As Mr. Parsons exits his hotel, a beggar approaches him. The beggar, a blind man, carries a black bag over his shoulder. In the bag are wares that he hopes to sell to passersby. Mr. Parsons notices the “clack-clack” of the beggar’s shoes and he pauses, feeling pity for the man’s unfortunate circumstance. In fact, he “felt a sudden and foolish sort of pity for all blind creatures.” He reflects on his own life and counts his blessing, showing an appreciation for the spring air and for his own life and relative health.
Mr. Parsons recollects a few years before, when he was not very prosperous. He now works in insurance, but only a few years ago, he labored alongside other skilled workers. He feels grateful that he has attained a degree of success, respect and admiration. As he begins to walk down the street, the blind man stops him.
Mr. Parsons offers the man a donation, but the man insists that he is not a beggar. Instead, he says, he is a merchant who sells a quality product. He then quickly produces a cigarette lighter and offers it to Mr. Parsons. He boasts that this is the “best cigarette lighter made” and that he is only asking one dollar for the purchase. Mr. Parsons informs him that he does not smoke and has no need for a cigarette lighter. The blind man suggests that he buy the lighter as a present for someone else, noting that it would make a fine gift for any smoker. In response to the suggestion, Mr. Parsons reluctantly takes the lighter and gives the blind man two fifty-cent coins, reasoning that he can perhaps give the lighter to the elevator boy. He then asks the blind man if he has completely lost his sight. The blind man, eager to embellish his story in the hope of receiving beggarly donations from Mr. Parsons, begins to relate the incident in which he lost his sight.
The blind man tells Mr. Parsons that he lost his sight in an accident at “Westbury.” Mr. Parsons indicates that he is aware of the incident, which was reported as one of the most catastrophic events to strike the area. He also states that the papers have not followed the story for years. The blind man complains that most people have forgotten the incident, although the victims do not have the luxury of doing so. Then, the blind man begins to recount the story of the accident that blinded him permanently.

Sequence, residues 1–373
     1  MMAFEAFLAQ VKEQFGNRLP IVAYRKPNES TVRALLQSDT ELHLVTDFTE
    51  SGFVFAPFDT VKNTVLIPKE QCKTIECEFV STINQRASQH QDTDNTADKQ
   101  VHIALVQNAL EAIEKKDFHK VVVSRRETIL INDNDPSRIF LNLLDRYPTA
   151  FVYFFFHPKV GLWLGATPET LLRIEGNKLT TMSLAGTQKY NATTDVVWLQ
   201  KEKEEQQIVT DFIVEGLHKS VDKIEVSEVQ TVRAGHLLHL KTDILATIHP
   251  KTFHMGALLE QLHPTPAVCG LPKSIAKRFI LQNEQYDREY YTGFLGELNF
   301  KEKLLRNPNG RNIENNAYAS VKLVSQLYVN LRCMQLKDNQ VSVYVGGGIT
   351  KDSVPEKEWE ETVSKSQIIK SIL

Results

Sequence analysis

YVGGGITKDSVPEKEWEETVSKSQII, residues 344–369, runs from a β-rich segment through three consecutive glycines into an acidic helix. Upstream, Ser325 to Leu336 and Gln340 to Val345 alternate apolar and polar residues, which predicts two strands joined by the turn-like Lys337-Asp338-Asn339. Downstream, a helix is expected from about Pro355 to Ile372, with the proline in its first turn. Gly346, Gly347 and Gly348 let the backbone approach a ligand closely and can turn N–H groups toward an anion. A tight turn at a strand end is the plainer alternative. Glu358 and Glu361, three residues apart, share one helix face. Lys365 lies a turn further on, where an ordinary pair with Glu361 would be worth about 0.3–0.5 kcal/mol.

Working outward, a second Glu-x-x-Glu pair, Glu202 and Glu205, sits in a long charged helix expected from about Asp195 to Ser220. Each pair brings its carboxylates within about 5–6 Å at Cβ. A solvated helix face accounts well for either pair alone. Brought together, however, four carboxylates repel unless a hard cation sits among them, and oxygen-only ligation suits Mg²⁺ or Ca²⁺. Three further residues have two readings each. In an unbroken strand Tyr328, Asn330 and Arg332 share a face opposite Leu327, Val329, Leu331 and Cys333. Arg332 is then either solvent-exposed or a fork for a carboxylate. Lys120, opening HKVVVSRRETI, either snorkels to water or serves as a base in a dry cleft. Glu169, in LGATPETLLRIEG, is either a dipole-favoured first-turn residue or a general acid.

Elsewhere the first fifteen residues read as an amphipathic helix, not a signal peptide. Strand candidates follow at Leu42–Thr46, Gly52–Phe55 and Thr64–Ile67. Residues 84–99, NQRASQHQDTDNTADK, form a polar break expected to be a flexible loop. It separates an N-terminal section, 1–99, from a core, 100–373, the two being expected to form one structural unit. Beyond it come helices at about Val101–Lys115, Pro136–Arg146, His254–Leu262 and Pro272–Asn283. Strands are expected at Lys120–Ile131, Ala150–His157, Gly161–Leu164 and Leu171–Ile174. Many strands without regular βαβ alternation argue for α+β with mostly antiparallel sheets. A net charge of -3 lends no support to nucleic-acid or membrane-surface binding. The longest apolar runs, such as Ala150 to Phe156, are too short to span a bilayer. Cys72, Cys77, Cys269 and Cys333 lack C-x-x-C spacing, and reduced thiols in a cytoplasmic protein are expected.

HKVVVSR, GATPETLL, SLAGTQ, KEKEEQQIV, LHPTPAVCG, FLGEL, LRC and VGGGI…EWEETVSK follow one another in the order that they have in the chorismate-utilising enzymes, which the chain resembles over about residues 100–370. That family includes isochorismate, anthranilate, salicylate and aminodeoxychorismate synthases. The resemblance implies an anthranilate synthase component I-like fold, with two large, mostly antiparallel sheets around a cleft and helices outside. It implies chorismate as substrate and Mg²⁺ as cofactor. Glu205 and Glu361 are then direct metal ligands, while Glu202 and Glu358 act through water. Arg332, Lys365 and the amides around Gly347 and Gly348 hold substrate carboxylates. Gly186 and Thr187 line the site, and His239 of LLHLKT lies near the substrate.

Just as he begins his story, Mr. Parsons coughs uncomfortably. However, the blind salesman continues with his story because he hopes that Mr. Parsons will pity him enough to give him “more half dollars.” According to the blind man, he and others were working in “C shop” when a chemical explosion occurred. There were many casualties of the accident. Some were killed; some were injured and some were blinded by the disaster.
The blind man suggests that there was less honor for the victims of the explosion than there was for those who were killed or injured during “the war.” He insinuates that injured veterans have ongoing governmental compensation for their service, while the workers in the plant have nothing. He criticizes the owners of the company, who profited from the risks that the employees undertook as they worked in the plant. He also complains that while those injured and blind employees had no compensation for their injuries, the company had insurance policies to protect it from heavy losses. Mr. Parsons interjects, explaining that he sells insurance. The blind man took no note of his remark. Instead, he continues to recount his colorful...
(The entire section is 948 words.)